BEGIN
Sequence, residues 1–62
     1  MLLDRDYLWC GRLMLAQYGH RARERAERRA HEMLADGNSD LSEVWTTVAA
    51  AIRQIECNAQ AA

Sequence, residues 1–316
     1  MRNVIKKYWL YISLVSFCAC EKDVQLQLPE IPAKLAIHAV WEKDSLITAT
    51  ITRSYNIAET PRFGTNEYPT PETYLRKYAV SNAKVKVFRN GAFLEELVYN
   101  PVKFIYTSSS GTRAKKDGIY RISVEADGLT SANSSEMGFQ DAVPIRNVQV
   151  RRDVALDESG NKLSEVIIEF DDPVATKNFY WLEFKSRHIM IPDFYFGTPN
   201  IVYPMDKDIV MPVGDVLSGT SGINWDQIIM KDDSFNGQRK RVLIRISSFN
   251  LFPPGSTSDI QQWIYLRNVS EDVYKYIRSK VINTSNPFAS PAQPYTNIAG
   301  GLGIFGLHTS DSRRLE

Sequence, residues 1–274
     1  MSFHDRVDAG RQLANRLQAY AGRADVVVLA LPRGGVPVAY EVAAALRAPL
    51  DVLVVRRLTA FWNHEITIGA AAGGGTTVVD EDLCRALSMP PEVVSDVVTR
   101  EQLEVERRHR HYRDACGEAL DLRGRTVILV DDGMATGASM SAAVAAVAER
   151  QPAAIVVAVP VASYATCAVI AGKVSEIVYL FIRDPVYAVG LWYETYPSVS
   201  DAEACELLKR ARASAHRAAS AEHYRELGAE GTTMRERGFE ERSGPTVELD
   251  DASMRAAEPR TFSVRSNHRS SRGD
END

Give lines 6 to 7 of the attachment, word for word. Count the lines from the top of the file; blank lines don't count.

    51  ITRSYNIAET PRFGTNEYPT PETYLRKYAV SNAKVKVFRN GAFLEELVYN
   101  PVKFIYTSSS GTRAKKDGIY RISVEADGLT SANSSEMGFQ DAVPIRNVQV